She could be wonderful, as well, as her dignity and appreciation of beauty remain intact. She still loves to smell the roses — literally. Babies and puppies always make her smile. And when there is company around, her social graces bloom; you'd be unlikely to guess that she suffered from Alzheimer's. She certainly doesn't know.
But after almost a year, life with Mom, like a not-so-silent thief, had robbed me of my identity. Gone was the writing, dancing, traveling, enjoying-times-with-friends Kathy. I was physically and mentally exhausted, and had reached my breaking point.
I started thinking about placing her in a facility. Just the thought of it filled me with feelings of failure and guilt. Wasn't it my duty to keep her at home? What would Dad say? Was I letting him down?
Luck was with me. Certain things fell into place. A support group I'd been attending helped me understand that it was OK to find a place for my mom. It provided the resources to educate myself on what our choices were and to find her a safe place. My brother supported me; cousins who had been through a similar experience with their mother encouraged me.
Mom's now in a wonderful place dedicated to caring for people with Alzheimer's and other forms of dementia. She receives excellent and compassionate care. But the first weeks at her new residence were scary and frustrating for her. She was disoriented and acted out terribly. I had a previously planned trip, so I was away during that period, and for that —and the caring, patient staff — I'm grateful.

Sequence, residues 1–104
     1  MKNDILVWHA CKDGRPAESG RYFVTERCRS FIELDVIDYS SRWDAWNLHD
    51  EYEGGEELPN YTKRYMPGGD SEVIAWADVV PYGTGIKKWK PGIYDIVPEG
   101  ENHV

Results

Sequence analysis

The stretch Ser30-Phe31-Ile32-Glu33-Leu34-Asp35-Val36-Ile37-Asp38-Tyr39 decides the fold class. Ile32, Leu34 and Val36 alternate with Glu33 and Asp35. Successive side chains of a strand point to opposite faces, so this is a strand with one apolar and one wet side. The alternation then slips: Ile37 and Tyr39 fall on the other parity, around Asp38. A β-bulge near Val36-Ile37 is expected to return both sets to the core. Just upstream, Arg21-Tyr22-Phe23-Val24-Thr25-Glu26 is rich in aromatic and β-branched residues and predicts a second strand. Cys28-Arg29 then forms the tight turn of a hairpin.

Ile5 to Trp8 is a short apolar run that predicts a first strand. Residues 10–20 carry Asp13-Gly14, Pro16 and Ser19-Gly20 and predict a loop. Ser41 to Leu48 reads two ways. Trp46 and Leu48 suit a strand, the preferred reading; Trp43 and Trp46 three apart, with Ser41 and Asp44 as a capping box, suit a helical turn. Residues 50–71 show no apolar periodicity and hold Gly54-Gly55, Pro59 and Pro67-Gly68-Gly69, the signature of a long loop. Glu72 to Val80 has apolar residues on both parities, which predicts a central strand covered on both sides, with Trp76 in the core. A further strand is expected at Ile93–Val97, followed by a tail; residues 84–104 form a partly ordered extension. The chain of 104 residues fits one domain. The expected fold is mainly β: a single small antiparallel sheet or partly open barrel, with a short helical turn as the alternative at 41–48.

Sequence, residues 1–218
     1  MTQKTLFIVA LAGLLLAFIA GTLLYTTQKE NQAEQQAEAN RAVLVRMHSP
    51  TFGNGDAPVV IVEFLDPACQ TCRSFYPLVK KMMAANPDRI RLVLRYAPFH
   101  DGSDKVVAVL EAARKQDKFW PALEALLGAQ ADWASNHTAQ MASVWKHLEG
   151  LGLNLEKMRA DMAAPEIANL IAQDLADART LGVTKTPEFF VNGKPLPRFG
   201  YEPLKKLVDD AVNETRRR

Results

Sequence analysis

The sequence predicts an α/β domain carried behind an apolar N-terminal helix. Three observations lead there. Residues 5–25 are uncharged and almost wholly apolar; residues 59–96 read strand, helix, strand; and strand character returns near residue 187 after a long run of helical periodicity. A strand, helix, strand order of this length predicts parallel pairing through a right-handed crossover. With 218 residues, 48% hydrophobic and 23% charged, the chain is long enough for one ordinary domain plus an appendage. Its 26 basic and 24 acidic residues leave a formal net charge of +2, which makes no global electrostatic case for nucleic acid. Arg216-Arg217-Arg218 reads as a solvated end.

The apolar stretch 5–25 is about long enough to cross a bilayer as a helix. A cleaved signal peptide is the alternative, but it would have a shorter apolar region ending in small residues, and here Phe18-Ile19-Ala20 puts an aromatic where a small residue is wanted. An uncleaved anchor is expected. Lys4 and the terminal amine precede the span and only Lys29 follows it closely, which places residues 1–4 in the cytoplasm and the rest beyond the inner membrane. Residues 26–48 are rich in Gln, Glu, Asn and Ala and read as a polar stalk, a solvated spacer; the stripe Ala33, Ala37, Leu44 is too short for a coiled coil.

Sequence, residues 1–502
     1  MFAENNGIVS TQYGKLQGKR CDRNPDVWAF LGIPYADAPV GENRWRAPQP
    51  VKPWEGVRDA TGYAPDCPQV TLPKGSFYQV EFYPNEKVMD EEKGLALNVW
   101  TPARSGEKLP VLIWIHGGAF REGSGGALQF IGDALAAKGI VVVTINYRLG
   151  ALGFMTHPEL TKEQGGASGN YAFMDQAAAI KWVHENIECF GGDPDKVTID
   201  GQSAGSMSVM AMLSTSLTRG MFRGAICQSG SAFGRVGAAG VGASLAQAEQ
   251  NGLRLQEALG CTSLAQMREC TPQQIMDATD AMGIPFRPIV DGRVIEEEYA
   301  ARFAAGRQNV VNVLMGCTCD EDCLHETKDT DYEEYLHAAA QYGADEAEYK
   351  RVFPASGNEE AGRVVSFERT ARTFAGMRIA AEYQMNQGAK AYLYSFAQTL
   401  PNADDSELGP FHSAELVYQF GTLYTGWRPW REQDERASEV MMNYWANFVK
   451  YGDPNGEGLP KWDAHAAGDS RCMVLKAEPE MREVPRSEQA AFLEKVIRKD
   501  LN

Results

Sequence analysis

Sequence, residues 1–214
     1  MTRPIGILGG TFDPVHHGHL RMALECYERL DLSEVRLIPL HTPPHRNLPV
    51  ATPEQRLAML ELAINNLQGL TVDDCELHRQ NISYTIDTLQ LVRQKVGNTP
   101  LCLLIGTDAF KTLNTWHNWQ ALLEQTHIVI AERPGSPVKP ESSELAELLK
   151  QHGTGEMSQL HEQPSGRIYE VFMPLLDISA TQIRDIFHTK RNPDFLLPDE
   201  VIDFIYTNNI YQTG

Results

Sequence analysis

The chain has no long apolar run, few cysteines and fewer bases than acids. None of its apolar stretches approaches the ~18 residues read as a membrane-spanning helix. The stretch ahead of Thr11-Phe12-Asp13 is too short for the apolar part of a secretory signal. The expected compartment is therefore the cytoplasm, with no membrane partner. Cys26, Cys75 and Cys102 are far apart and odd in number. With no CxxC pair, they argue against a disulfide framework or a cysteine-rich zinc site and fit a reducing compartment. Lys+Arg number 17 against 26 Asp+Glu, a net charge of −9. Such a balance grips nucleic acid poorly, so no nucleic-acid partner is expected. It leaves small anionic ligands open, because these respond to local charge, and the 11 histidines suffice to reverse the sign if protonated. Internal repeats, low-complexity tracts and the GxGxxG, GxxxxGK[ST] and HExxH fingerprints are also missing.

While Mom settled in, I found myself struggling to become Kathy again. I had falsely believed that I could resume my life where I had left it. Friends and family kept asking what I was doing with all my "freedom."
Freedom? The truth is that the first couple of months by myself were disconcerting. At night I was still hyperalert, listening to every sound coming from my mother's room. The house was filled with reminders of her — and my dad, whose death I realized I had not really had time to mourn. Her clothes still hung in her closet; her games still sat in a box in the dining room. Day after day I collapsed on my couch, watching hour after hour of meaningless television. The sense of loss was overwhelming.
Four months in, I'm slowly regaining my identity. But it's come in stages. I had to remind myself of what I enjoyed doing and start reconnecting with friends who had gotten used to my being unavailable. It's taken me a while to realize I can go where I want when I want — and to give myself permission to live my life again and not feel guilty.
Of course, my caregiving isn't over. I have to remain vigilant about my mom's care. I visit her often, manage her health care, plan outings and encourage family and friends to remember her.
She has become more comfortable in her new home and is always happy to see me — she knows my name and usually remembers I am her daughter (on occasion, I'm her niece) — but she still asks about Dad and when she can go home.
Those moments hurt. I suppose they always will.
So the journey continues. I can be Kathy again, but I will be my mom's champion as long as she lives.